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Patrik: Agreed, agreed.
Natasha: Just nonsense, like they’re documenting nonsense, and attributing things that I didn’t even say.
Patrik: Yes, yes. Agreed, agreed.
Natasha: Okay, so missing, yes, nursing notes I know, and then the films as well, okay.
Patrik: And the films, yes.
Natasha: And the research study, I have also that … Because, I ran through some of the medications with my sister that my dad was taking, and they were giving him steroids, right? And I remember they had to cut down his steroids to half, because something that I think something with tachycardia. I don’t know how to say that word.
Patrik: Yes, tachycardia. Yes.
Natasha: I don’t know what it … Yes, tachycardia, and I think they were giving that for his COPD, and they’re also giving him Pulmicort-
Natasha: On top of Albuterol.
Natasha: So, they were giving him a few things, and then my sister asked, “Were they giving him the steroids as part of the experiment? Because they shouldn’t be doing that, because that can cause fungal infections and it can mask infections. What the hell were they doing?”
Natasha: She asked, “Why the hell were they doing that?”
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Patrik: Yes, I totally agree with you that they shouldn’t have given any steroids. From our perspective, there’s no indication why he would’ve needed steroids. But again, I haven’t looked at it in detail. It could’ve well been part of the study, so I guess the question that you need to ask is do you need … You probably should get something from the study if you can, and number two, nursing notes. There must be something. I mean, that’s …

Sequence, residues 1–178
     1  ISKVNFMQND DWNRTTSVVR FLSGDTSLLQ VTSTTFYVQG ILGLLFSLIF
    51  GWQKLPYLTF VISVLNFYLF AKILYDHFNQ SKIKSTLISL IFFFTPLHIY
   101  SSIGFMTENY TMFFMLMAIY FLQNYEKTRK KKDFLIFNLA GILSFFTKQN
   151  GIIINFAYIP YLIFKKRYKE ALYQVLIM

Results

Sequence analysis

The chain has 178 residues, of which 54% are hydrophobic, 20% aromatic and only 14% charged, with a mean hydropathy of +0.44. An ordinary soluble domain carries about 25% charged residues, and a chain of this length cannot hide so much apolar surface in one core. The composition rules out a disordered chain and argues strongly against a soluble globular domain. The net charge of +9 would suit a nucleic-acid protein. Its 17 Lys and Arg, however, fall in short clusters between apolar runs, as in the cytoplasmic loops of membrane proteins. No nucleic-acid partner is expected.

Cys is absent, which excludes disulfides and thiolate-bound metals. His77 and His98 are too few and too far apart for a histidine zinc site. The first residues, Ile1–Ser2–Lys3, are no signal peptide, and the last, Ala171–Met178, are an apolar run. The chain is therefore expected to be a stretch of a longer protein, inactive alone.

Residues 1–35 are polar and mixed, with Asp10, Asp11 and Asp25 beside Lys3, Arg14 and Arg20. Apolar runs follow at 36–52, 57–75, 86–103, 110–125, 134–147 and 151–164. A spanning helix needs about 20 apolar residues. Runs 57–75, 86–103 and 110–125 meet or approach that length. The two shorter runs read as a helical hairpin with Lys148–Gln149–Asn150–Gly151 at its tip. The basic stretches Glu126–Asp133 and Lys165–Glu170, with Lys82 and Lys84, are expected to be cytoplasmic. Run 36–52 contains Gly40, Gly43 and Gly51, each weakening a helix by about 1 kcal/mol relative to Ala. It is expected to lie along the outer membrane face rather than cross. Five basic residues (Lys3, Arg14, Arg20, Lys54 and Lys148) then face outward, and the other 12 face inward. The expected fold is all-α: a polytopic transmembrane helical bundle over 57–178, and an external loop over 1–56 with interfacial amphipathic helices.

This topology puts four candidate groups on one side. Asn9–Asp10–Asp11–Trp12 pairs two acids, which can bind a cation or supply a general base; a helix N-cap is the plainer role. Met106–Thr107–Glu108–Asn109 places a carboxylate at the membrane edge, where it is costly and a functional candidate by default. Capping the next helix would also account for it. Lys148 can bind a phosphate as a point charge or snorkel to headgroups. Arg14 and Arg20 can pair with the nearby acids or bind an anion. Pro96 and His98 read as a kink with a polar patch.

Natasha: It has to do with so much action. Patrik, literally, that last hour when all that action was happening, right, with my dad, that last one and a half hour, nothing, no nursing notes, nothing. All it is, is that Dr. Sharma writing that little blurb in his progress notes. Literally, no nursing notes about … Remember how I told you how it all went down? Like, this part, nothing, and the vitals were all off. They really found that his oxygen at 89, no, he was going down in upper 50s and 60s. Then, one note was like, “50,” and then everything else was … They just stopped documenting it properly in the end, the most important part.